Preheat oven to 350 degrees F. Baking sheets may be ungreased, or lined with parchment paper.
Tip: Chill the bowl and any utensils you will be using in the refrigerator before making the scones.
In your food processor, add flours, sugar, baking powder, and salt; pulse several times to blend. Add the cold butter chunks and process until the mixture resembles coarse meal with a few larger chunks.
In a large bowl, whisk the egg, buttermilk, and lemon zest until blended. Add the flour mixture and the currants to the egg mixture and stir just until thoroughly moistened.
Turn the dough out onto a lightly floured surface and knead into a ball. Pat or roll the dough out into an 8-inch circle, approximately 1 to 1 1/4-inch thick. With a sharp, floured knife (flouring the knife before each cut prevents smashing the flaky layers when cutting), cut the dough into 8 wedges and place on prepared baking sheet, about 2 inches apart. Scones can be cut into any shape you desire. Use a drinking glass to make circles, or cut into squares or wedges with a knife. Dip the edges of the cutter in flour to prevent the dough from sticking. Do not pat the edges of the scone down; instead leave the cuts as sharp as possible to allow the scones to rise in layers.
Bake for 20 to 25 minutes, or until scones are lightly browned and a toothpick comes out clean. A good check is to use an instant digital thermometer to test your scones. The temperature of the scones should be at 200 degrees F. when done.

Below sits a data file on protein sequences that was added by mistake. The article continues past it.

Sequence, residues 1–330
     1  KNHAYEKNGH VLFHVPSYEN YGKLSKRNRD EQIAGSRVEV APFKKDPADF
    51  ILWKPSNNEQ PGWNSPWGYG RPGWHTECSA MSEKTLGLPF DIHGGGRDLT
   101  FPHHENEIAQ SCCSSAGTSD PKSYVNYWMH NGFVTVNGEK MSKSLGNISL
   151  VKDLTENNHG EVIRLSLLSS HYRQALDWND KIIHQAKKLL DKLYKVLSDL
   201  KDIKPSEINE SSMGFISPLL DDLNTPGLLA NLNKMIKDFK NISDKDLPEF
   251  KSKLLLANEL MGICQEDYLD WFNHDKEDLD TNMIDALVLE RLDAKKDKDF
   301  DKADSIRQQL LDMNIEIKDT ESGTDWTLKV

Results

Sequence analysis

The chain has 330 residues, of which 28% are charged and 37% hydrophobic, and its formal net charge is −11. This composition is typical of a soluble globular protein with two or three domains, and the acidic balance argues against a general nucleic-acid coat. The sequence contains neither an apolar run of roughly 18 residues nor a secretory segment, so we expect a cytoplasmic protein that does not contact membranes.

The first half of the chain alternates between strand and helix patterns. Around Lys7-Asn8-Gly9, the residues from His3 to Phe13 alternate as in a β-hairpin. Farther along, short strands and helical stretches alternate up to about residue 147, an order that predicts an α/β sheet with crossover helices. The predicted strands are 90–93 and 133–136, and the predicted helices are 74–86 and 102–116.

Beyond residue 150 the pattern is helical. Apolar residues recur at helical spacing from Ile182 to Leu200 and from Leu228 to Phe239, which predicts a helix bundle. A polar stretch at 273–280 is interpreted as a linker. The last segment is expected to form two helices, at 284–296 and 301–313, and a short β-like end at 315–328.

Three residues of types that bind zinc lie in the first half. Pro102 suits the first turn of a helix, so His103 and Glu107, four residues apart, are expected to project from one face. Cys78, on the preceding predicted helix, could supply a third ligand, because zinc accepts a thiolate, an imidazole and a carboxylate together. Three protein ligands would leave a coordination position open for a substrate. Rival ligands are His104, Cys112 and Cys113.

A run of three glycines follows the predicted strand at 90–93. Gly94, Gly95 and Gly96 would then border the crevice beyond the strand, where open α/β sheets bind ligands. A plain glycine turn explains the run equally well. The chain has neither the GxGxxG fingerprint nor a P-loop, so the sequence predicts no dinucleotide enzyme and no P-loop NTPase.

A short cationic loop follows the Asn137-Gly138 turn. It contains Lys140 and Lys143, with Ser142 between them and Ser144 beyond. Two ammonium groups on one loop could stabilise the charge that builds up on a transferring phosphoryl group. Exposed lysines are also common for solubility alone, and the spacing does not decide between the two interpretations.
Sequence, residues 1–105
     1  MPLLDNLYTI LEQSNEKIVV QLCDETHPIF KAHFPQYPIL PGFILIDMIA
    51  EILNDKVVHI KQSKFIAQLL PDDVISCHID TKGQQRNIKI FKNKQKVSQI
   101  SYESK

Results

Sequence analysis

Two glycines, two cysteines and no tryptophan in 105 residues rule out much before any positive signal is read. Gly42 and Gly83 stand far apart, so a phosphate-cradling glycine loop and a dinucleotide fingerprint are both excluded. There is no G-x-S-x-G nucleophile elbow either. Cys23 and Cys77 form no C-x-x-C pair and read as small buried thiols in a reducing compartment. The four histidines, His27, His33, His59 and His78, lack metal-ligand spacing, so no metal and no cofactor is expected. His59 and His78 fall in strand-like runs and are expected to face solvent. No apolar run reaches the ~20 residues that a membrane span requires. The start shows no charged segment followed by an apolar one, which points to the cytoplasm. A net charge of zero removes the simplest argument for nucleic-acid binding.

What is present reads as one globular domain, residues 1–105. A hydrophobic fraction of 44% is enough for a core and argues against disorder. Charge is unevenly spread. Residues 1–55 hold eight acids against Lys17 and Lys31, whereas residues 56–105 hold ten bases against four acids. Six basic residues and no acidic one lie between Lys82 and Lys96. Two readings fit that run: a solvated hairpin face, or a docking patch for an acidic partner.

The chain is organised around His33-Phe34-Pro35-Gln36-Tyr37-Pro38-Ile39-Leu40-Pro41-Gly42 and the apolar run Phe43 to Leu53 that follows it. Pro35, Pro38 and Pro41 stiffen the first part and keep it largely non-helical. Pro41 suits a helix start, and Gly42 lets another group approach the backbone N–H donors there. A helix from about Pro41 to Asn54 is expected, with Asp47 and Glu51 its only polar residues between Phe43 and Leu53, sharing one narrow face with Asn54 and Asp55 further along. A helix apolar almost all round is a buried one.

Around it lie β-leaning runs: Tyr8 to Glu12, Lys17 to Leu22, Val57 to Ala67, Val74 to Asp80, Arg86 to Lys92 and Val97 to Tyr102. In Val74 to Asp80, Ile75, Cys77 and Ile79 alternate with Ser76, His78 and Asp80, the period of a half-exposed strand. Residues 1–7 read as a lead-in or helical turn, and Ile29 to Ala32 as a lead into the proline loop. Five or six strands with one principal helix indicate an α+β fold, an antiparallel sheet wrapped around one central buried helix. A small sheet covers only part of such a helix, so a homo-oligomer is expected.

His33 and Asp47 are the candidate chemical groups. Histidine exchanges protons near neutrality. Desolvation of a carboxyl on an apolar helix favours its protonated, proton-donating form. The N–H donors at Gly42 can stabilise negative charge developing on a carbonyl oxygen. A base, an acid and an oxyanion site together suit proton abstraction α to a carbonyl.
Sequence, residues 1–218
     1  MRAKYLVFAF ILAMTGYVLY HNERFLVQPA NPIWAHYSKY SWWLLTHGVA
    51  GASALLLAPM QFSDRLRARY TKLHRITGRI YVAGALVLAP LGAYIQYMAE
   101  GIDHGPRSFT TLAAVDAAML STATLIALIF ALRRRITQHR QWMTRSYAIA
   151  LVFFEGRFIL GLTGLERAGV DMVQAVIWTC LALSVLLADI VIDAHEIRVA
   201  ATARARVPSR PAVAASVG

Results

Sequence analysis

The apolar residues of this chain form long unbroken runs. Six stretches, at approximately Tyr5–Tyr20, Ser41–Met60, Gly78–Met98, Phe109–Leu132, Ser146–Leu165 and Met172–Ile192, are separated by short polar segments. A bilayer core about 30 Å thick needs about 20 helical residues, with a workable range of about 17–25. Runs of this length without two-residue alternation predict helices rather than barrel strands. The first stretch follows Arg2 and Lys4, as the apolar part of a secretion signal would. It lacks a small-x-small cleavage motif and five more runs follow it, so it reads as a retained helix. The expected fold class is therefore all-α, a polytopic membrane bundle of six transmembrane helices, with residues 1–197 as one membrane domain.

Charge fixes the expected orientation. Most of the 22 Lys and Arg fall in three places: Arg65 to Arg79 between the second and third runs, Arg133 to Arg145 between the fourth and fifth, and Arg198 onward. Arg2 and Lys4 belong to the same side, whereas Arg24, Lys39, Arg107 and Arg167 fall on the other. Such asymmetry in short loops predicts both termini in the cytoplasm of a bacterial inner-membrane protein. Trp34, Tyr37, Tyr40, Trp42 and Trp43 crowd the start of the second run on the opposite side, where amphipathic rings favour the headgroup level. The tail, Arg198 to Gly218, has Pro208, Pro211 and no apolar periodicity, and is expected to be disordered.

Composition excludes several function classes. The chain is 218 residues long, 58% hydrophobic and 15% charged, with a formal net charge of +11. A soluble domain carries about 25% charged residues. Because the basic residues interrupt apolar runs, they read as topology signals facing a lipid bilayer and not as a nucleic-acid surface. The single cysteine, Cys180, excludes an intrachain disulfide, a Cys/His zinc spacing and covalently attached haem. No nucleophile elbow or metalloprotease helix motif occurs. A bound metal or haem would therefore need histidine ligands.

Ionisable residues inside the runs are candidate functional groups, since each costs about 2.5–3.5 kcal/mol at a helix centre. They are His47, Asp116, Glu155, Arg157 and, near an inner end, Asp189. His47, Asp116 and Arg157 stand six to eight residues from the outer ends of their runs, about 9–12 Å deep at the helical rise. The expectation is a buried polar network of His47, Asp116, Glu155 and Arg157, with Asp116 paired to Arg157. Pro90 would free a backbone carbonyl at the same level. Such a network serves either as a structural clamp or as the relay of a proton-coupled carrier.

Remove from oven and let scones cool on the baking pan for approximately 5 minutes, then transfer to a cooling rack. Place parchment paper under cooling rack to catch icing drips.
In a small bowl, combine the powdered sugar and lemon juice to make a glaze. Drizzle over scones with a spoon while still warm. Allow icing to set and serve.
NOTE: These scones freeze very well; defrost, covered, at room temperature.
Makes 8 scones.
* Why do your ingredients need to be cold? It is important that your ingredients (both fats, liquids, and eggs) remain cold. The purpose is to keep the butter solid and not let it melt. If your dough is kept cold, it will have little bits of dispersed butter. In the heat of the oven, that butter melts into the dough but leaves pockets and layers in the scones. If it's hot in your kitchen, freeze your butter before making scones. Cold butter makes scones rise higher!
Lemon Buttermilk Scones with Currants Recipe: https://whatscookingamerica.net/Bread/LemonButtermilkScones.htm